Meineke Car Care Bowl of Texas
Not to be confused with the Meineke Car Care Bowl of Alaska, the Meineke Car Care Bowl of Texas is played in Houston’s Reliant Stadium and features another Big 10-Big 12 matchup between Northwestern and Texas A&M.
These teams enter this game headed in opposite directions. Northwestern started the year slowly and suffered a five-game losing streak before righting the ship and winning four of its final five games, including an upset of then-#10 Nebraska. The Wildcats are looking to end an eight-game skid in bowl games that dates back to the 1949 Rose Bowl.
Texas A&M came into the season with high expectations after a breakout 9-4 campaign a year ago. The Aggies started the year ranked in the top ten but were done in by an inability to protect second-half leads. They were 5-2 after defeating Iowa State but lost four of their next five games to finish a disappointing 6-6 in their last season in the Big 12 before heading to the SEC. Coach Mike Sherman was fired as a result, and defensive coordinator Tim DeRuyter was named interim head coach for the bowl game.
Key matchup: Each team’s defense against the other’s quarterbacks
Texas A&M's Ryan Tannehill (L) and Northwestern's Dan Persa (R)
Both teams feature mobile quarterbacks who can run. Texas A&M’s Ryan Tannehill is a former wide receiver who can gash a defense with his wheels. Northwestern’s Dan Persa and backup QB/WR Kain Colter can both escape the rush and are sometimes called upon to run the ball in the Wildcats’ spread-option attack. Northwestern’s running game will be tested by A&M’s stout run defense while A&M might struggle to run the ball after losing its top-two running backs to injury. The passing game figures to take prominence for both teams in this one, so whichever team does the best job of containing the opponent’s quarterback will come out on top.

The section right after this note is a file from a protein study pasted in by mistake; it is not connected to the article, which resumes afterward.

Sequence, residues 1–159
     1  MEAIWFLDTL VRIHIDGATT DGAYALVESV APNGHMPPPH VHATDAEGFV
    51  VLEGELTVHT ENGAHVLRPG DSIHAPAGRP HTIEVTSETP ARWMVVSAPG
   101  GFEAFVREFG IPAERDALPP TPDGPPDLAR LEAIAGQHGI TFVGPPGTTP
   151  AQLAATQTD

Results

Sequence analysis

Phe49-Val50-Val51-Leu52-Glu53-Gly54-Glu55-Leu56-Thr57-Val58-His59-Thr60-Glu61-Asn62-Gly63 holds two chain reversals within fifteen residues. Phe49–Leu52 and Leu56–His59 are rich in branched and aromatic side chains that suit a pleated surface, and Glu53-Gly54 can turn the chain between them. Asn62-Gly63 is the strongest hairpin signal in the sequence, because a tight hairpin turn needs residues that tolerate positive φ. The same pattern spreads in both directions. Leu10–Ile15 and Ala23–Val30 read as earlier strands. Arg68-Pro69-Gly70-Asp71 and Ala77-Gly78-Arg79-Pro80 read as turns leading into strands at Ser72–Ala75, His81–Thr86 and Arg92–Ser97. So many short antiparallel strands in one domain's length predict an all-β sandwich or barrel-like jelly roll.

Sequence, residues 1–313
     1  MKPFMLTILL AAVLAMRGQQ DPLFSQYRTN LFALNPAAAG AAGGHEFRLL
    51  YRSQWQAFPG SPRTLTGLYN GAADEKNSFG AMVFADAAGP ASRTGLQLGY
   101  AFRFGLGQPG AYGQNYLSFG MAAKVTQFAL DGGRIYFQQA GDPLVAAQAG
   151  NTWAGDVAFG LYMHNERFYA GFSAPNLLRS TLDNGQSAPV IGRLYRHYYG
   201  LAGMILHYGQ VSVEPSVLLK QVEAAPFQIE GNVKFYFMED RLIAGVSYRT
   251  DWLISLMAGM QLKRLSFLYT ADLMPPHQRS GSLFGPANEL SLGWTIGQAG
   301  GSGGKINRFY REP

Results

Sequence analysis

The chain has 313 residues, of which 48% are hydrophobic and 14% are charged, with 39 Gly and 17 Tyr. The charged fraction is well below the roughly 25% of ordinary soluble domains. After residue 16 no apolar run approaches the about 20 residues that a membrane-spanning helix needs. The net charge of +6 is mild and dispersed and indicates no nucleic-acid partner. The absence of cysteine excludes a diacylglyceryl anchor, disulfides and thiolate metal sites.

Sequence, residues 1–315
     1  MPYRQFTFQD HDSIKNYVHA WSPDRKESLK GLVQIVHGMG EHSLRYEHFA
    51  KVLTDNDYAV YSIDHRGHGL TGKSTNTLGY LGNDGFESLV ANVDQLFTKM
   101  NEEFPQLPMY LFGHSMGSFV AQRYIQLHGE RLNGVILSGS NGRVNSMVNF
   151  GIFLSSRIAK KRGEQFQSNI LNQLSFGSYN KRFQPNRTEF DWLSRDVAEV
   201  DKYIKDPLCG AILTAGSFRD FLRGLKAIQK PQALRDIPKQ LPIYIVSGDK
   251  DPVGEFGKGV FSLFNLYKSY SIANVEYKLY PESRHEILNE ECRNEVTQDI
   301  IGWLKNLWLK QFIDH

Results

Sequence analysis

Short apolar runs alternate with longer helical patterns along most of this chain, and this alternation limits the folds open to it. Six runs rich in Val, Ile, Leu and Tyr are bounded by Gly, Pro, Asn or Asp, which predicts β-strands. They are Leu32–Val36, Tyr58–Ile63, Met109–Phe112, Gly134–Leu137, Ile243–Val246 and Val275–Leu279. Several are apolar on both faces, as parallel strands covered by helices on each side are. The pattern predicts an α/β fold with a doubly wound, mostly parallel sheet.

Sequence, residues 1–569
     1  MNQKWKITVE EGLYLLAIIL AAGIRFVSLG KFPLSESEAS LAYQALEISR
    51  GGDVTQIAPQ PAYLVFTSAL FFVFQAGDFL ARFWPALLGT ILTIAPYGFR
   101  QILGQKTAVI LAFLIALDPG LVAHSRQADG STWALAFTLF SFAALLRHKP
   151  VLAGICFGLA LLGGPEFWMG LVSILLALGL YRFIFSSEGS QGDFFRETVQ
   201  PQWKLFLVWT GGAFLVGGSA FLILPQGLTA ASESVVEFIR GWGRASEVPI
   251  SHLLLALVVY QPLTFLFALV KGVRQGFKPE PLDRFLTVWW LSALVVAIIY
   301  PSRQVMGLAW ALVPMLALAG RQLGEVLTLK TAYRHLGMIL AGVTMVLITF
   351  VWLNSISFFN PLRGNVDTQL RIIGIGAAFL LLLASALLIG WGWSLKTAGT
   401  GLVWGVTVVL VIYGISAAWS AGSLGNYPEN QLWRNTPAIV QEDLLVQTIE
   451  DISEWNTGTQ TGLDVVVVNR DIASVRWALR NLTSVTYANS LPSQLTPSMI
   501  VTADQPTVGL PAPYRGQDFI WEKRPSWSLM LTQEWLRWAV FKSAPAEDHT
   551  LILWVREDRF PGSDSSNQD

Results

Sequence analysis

Why you should watch: There figure to be plenty of offensive fireworks in this game as both teams have talented quarterbacks with plenty of weapons who will be facing questionable defenses. Northwestern quarterback Dan Persa leads the country in completion percentage at 74.2 percent and was 10th in passer rating. He suffered an Achilles injury last year that forced him to miss time this season but still managed to throw for 2,163 yards with 17 touchdowns and 7 interceptions. His backup, Kain Colter, proved to be a dangerous dual-threat quarterback in his own right. Both will be looking for receiver Jeremy Ebert (1,025 yards, 11 touchdowns) and tight end Drake Dunsmore, Northwestern’s all-time leading receiver and recipient of the Big 10’s tight end of the year award. They figure to have a big day against A&M’s porous pass defense (113th in the country).
On the flip side, the Aggies have some offensive playmakers of their own, starting with senior quarterback Ryan Tannehill. Behind Tannehill, who threw for 3,415 yards with 28 touchdowns and 14 interceptions, Texas A&M ranked 7th in total offense and 11th in points per game. Receiver Ryan Swope had 81 receptions for 1,102 yards and 11 touchdowns. They’ll be able to score against a Northwestern defense that was 65th overall in scoring defense. Plus, there’s the car wreck factor: A&M has a tendency to self-destruct, and you won’t be able to tear your eyes away. Northwestern hasn’t won a bowl game in eight tries, and have lost their last three in excruciating fashion.
Why you shouldn’t watch: Texas A&M has already fired its head coach, and its interim coach has accepted a job at Fresno State. How prepared will the Aggies be? Will they come ready to play, or will they just go through the motions? We already saw how a lame-duck coach affected a team in the Las Vegas Bowl: Arizona State was not ready to play and got embarrassed by Boise State. It’s a de facto home game for the Aggies, but will they show up?
Prediction: This is a tough call. A&M is the more talented team and would normally be the logical pick here. However, I’m not sure what their mental state is going to be. I’m going with sentimentality and picking Northwestern to finally win a bowl game behind a big day from Persa. Wildcats win a wild one that probably comes down to the final possession or overtime(s).